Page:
The recession held back investment in new power generation capacity so that the first new nuclear power station will not be generating power until at least 2020 — possibly even later — and renewables still account for less than 10 percent of our energy mix. The government’s Green Deal and Renewable Heat Incentive (RHI) programs are laudable initiatives, but small steps like these will take decades to change our energy landscape.
Shale gas? Yes, there’s much excitement about that, but getting to our large reserves is problematic in such a densely populated island — we are not the U.S., where they have plenty of wilderness in which to drill.
So what’s left? Reducing demand has to be the focus. Not only is it achievable; it can be done quickly and much more cheaply than trying to build a completely new energy generation infrastructure. A massive program of very rapid energy efficiency can give us some breathing space while we wait for a new generation to catch up.
The building engineering services sector is best placed to deliver this energy efficiency on an industrial scale because we understand what is required technically. Unfortunately, we still tend to approach projects in pretty much the same way we always have and the traditional supply chain restricts us to just tweaking designs — finding replacement technologies that use marginally less energy when the urgency of the situation calls for something more radical. That is why a new-look supply chain is so crucial.
Simply doing things the same way we always have is reducing the potential for us to sell our expertise as building engineering specialists. Energy shortages represent a huge business opportunity for companies with the right competence and understanding of how to cut demand.
We need to stretch ourselves by designing for occupancy. That means finding out what the occupant intends to do with a new or refurbished building — we should also be designing our systems so they are easy to maintain. Too many “sustainable” solutions are extraordinarily complex and hard for nontechnical building occupants to understand.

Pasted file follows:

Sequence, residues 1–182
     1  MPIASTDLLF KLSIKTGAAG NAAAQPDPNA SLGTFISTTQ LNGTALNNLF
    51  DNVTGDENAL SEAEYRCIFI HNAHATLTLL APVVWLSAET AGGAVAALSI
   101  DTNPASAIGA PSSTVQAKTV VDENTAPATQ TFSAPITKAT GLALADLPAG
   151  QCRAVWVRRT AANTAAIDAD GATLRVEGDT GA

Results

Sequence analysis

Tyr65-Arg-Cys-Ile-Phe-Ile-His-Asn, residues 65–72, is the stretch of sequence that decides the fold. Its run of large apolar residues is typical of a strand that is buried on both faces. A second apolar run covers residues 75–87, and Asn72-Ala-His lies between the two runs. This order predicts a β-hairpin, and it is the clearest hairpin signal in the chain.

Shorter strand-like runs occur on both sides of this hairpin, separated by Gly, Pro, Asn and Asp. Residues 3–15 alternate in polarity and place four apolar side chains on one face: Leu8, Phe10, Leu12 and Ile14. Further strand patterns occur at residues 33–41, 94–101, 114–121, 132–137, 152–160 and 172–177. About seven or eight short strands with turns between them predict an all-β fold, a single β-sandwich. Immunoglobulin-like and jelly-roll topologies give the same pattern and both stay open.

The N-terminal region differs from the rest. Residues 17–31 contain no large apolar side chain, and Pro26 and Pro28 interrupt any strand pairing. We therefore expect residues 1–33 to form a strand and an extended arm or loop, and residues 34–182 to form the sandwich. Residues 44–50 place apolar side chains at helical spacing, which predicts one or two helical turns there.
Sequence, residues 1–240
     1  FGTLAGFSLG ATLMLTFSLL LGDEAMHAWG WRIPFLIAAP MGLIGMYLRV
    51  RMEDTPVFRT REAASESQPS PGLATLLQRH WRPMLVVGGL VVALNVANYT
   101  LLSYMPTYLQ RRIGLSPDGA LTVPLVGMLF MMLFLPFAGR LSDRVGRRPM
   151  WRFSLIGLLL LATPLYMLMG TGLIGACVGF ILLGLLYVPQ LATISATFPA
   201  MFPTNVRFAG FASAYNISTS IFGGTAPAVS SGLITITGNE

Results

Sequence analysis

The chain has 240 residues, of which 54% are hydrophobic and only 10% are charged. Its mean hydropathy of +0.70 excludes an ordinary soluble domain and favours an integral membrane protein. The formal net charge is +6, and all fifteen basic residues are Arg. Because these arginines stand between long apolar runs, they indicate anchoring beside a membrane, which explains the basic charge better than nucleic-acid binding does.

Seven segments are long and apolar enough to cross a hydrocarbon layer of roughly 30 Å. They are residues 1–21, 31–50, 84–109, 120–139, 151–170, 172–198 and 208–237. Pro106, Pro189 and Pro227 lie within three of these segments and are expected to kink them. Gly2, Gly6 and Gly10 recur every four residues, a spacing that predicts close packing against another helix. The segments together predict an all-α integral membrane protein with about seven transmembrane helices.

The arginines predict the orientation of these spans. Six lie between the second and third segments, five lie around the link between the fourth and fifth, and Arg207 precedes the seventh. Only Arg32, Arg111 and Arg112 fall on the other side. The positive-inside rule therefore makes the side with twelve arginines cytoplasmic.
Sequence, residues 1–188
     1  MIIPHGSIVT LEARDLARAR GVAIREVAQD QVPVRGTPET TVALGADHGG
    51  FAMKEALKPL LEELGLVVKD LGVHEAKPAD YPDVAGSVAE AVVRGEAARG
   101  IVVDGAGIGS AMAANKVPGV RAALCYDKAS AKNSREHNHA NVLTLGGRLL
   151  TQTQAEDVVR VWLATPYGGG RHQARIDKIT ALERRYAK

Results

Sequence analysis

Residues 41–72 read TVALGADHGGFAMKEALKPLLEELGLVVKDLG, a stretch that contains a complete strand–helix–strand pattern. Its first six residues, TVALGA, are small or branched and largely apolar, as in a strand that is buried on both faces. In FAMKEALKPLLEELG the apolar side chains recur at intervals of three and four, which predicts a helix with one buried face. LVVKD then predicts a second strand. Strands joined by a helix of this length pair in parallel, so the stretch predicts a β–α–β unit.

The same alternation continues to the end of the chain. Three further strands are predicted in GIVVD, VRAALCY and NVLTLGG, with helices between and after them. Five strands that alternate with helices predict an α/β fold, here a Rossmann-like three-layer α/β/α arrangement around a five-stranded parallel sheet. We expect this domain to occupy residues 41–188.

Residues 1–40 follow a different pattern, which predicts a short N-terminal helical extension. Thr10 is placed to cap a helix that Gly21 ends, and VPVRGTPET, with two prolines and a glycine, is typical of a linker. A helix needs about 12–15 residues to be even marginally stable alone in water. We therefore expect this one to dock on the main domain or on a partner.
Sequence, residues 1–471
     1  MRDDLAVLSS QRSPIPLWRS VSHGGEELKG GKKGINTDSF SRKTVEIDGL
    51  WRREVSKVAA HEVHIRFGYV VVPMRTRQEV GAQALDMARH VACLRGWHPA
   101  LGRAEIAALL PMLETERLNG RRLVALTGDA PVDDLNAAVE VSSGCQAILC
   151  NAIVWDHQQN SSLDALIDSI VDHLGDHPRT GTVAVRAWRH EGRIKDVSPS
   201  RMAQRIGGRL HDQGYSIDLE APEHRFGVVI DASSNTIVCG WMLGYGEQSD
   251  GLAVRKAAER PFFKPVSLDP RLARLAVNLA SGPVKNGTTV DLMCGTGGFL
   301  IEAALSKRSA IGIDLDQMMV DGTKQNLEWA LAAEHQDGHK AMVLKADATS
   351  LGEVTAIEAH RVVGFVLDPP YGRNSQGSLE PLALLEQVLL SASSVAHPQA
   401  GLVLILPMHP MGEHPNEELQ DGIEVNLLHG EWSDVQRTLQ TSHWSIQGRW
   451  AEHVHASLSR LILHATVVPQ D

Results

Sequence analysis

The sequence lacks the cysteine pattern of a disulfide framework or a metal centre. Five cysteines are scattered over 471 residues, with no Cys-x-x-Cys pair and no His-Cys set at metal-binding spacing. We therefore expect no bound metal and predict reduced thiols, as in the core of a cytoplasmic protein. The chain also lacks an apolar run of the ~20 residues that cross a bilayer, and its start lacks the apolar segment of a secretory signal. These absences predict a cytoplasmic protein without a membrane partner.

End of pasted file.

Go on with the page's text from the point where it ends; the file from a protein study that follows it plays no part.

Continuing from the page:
We also have to monitor the actual performance of a building so clients can compare their results with best practice and industry benchmarks. After all, you can’t save what you can’t measure. That means revisiting completed projects and learning their lessons. The data produced by display energy certificates (DECs) proves that a large number of buildings simply do not live up to their promises.
BIM — which might more correctly be called “Better” Information Modeling — presents a vision of a new type of supply chain that has the design and installation professions working hand in glove with building owners and facility managers from the very outset. This allows us to explain and fine-tune the “energy hierarchy” of a building so we can start with basic, low-cost measures such as insulation and high-quality glazing. Tackling thermal gain with solar shading, for example, will reduce the need for mechanical cooling and allow greater use of passive solutions.
Adding intelligent controls systems and sensors to installed building services systems makes them operate more sensibly, including turning off automatically when not needed.
Only once these basic measures are complete should building managers consider replacement technologies and, even then, they should first look at introducing new pumps or variable-speed motors that do not significantly alter the set up of the system, but can make immediate improvements to running costs.
It’s this kind of strategic approach to buildings that will make all the difference to our collective futures, but it is only happening sporadically across our industry. We must take the chance during the current gradual recovery to bed in more integrated ways of working that ensure better outcomes and represent more sustainable business models for the future.
Content for the European Spotlight is provided courtesy of Refrigeration and Air Conditioning Magazine, London. For more information, visit www.racplus.com.
Publication date: 1/20/2014